Investigation of material modeling in fluid–structure interaction analysis of an idealized three-layered abdominal aorta: aneurysm initiation and fully developed aneurysms
Simsek, Fatma Gulden
Kwon, Young W.
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Different material models for an idealized three-layered abdominal aorta are compared using computational techniques to study aneurysm initiation and fully developed aneurysms. The computational model includes fluid–structure interaction (FSI) between the blood vessel and the blood. In order to model aneurysm initiation, the medial region was degenerated to mimic the medial loss occurring in the inception of an aneurysm. Various cases are considered in order to understand their effects on the initiation of an abdominal aortic aneurysm. The layers of the blood vessel were modeled using either linear elastic materials or Mooney–Rivlin (otherwise known as hyperelastic) type materials. The degenerated medial region was also modeled in either linear elastic or hyperelastic-type materials and assumed to be in the shape of an arc with a thin width or a circular ring with different widths. The blood viscosity effect was also considered in the initiation mechanism. In addition, dynamic analysis of the blood vessel was performed without interaction with the blood flow by applying time-dependent pressure inside the lumen in a three-layered abdominal aorta. The stresses, strains, and displacements were compared for a healthy aorta, an initiated aneurysm and a fully developed aneurysm. The study shows that the material modeling of the vessel has a sizable effect on aneurysm initiation and fully developed aneurysms. Different material modeling of degeneration regions also affects the stress– strain response of aneurysm initiation. Additionally, the structural analysis without considering FSI (called noFSI) overestimates the peak von Mises stress by 52% at the interfaces of the layers.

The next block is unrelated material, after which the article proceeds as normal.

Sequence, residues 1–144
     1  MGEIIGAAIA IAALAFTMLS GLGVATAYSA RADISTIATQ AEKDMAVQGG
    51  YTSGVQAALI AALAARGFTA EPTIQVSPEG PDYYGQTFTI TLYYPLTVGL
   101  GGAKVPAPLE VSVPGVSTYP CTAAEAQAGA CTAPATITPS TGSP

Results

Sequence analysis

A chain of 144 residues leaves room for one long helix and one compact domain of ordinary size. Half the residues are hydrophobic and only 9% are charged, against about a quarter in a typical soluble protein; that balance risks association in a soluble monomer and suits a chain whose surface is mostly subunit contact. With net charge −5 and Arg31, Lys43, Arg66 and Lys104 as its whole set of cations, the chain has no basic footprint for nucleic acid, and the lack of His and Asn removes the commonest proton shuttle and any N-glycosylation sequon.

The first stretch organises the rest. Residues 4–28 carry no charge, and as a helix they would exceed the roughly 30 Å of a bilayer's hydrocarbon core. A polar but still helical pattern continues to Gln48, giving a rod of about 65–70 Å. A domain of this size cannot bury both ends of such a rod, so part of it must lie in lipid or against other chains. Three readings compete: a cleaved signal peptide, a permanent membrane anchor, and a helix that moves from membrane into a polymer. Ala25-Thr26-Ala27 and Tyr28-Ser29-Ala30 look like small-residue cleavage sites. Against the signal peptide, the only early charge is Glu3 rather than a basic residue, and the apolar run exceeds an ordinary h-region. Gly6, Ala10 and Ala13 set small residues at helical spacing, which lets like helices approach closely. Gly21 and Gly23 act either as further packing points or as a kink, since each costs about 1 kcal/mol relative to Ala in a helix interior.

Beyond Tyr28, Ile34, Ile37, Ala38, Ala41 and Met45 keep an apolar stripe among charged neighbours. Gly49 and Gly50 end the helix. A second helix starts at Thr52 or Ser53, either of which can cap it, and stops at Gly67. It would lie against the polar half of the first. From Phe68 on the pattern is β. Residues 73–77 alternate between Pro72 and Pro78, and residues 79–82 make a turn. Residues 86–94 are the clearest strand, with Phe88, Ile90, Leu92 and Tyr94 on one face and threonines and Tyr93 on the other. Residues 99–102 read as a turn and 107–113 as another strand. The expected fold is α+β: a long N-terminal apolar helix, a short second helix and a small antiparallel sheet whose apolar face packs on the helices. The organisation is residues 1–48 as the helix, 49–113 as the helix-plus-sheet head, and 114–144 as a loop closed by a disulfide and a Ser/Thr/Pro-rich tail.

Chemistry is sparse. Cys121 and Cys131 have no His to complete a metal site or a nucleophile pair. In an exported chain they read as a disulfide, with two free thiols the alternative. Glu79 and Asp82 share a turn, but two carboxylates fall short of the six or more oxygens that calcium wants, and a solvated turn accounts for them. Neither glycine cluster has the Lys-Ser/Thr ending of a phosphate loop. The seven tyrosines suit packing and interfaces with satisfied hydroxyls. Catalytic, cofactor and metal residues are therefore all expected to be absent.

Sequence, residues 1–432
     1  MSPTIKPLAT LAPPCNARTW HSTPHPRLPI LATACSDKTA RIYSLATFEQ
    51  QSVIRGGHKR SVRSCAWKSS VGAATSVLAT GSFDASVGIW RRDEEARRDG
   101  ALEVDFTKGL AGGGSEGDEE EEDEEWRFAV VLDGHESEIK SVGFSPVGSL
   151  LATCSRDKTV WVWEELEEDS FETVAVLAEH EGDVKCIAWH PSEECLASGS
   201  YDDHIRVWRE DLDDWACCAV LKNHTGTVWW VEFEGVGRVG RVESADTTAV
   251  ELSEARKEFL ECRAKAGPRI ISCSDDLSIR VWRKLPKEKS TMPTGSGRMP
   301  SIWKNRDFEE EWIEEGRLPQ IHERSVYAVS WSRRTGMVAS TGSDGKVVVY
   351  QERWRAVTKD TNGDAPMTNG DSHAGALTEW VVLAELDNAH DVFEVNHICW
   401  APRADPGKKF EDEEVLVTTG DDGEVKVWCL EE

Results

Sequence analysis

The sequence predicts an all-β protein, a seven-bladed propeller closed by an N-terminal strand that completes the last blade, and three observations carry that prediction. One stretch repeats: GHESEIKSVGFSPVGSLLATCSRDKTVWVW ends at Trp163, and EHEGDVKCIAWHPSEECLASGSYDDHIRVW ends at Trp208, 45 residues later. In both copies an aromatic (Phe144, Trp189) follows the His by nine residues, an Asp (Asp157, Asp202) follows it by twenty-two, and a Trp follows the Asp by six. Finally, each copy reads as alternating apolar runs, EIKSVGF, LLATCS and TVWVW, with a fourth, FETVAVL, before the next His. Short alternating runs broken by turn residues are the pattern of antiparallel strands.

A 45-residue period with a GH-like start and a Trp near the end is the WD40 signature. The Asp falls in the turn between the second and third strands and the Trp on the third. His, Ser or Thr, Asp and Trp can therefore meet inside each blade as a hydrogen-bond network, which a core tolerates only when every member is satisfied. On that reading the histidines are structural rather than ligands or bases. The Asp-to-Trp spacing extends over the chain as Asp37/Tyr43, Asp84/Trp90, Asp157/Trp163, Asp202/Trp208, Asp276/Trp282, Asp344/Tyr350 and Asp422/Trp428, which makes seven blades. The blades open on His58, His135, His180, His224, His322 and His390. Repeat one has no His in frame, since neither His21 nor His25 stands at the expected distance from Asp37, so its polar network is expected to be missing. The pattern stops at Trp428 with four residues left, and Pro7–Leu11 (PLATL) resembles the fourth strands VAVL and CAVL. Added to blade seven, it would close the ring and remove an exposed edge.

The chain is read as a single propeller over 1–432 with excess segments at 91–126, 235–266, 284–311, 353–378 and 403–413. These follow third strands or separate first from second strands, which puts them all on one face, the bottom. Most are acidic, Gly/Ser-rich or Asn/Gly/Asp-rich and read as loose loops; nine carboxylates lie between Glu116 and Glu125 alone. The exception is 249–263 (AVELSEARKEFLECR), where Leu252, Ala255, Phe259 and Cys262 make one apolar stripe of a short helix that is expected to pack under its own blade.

The article of record as published may be found at http://dx.doi.org/10.1007/s10867-014-9372-x
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